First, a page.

An area where the combined IdP/AP model seems to dominate thinking is identity proofing, which is the binding of an online identity with trusted real-world attributes, such as the user’s legal name. In the combined model, one needs to go through a process, either in person or through association with an existing relationship such as a bank account, prior to the issuance of a credential. This is important because the credentials in these cases often incorporate those identifying attributes, as a driver’s license or government PIV card has your name printed on it and incorporated into a magnetic stripe and/or chip. But when attribute providers are separate, they need an assertion from the user’s IdP to bind the attributes they are verifying to that digital identity, so the credential needs to be issued first. Identity proofing is a function of the attribute provider, not the identity provider, in this model.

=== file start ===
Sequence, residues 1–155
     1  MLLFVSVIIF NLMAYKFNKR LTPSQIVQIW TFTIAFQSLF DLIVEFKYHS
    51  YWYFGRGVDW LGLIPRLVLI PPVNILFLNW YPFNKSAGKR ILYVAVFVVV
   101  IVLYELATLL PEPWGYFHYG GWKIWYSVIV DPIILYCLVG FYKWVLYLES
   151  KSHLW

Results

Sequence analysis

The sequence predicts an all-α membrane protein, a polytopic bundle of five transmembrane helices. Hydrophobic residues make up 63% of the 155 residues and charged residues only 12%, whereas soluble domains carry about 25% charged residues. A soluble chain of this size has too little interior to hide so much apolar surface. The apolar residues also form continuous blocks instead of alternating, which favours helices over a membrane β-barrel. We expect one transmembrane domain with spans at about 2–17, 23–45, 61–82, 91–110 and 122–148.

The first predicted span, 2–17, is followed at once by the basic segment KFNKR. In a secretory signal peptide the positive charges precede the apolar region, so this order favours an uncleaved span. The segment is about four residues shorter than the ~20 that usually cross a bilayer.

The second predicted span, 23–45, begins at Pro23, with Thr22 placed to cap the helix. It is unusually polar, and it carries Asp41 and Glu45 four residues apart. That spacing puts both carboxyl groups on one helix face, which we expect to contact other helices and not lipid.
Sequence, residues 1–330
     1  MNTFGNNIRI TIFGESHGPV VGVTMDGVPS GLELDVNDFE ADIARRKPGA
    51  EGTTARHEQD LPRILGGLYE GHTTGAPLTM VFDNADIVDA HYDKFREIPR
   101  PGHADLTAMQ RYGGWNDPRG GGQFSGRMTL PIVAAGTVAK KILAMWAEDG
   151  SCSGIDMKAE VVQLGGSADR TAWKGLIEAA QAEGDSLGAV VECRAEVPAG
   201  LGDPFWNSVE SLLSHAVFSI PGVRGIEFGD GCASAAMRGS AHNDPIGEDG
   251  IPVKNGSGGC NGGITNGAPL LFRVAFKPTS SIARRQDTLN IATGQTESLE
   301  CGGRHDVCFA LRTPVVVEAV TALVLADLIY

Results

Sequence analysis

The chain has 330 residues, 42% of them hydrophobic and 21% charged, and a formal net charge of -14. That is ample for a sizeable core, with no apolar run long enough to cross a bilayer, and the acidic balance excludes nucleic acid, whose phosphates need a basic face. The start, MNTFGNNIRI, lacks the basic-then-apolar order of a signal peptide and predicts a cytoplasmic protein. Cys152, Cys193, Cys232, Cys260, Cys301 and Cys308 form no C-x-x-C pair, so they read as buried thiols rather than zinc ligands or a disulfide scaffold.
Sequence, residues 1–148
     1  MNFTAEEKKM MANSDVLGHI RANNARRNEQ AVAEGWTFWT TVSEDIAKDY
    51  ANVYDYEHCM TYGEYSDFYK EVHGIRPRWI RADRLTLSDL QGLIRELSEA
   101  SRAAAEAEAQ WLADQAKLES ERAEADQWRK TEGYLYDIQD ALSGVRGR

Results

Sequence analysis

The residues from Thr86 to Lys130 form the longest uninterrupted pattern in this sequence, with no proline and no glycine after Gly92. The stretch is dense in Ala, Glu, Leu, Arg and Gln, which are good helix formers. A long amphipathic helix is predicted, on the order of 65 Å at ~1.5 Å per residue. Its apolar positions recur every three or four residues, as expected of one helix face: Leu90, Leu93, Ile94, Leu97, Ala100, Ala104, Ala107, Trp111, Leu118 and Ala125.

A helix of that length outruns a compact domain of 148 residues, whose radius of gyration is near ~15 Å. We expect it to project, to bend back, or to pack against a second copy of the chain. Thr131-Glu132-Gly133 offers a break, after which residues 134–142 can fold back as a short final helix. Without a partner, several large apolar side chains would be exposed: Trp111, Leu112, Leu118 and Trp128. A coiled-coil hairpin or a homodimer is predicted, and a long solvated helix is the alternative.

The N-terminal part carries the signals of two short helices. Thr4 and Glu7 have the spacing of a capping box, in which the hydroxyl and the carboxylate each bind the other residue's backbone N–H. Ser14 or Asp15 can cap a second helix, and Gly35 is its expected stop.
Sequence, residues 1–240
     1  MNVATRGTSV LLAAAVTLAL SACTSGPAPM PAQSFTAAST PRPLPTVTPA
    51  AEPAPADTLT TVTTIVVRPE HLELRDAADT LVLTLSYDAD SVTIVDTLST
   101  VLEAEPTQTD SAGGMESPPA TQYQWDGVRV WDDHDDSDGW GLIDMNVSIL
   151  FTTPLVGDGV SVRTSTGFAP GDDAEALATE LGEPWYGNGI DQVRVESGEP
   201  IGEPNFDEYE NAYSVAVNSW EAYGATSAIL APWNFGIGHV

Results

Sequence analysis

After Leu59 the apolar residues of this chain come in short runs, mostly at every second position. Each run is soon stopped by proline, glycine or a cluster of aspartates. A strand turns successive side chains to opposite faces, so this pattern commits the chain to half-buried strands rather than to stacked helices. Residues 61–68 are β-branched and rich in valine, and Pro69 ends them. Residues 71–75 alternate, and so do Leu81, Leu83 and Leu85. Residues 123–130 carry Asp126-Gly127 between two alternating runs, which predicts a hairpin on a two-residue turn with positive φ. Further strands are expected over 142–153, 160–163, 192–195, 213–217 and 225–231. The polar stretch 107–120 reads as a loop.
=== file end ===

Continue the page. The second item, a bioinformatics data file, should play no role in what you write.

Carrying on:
The combined IdP/AP thinking also affects how one views a credential. We use the word “credential” extensively in the offline world, to describe a variety of documents and situations ranging from the presentation of a birth certificate to get a passport to the use of that passport to travel internationally. In the NSTIC authentication model, the user presents their credential to his or her IdP. It need not contain any attribute information, because the IdP does not need it. This differs from the combined model, where the relying party obtains information, such as the user’s name or employer, directly from a credential like a government PIV card. But in the NSTIC model, the choice of credential is up to the user and IdP, subject to the requirement that it be sufficiently secure to satisfy the relying party.

Illustration is taken from “Identity Systems”, a presentation I gave in late 2009. The entire presentation is available on Slideshare.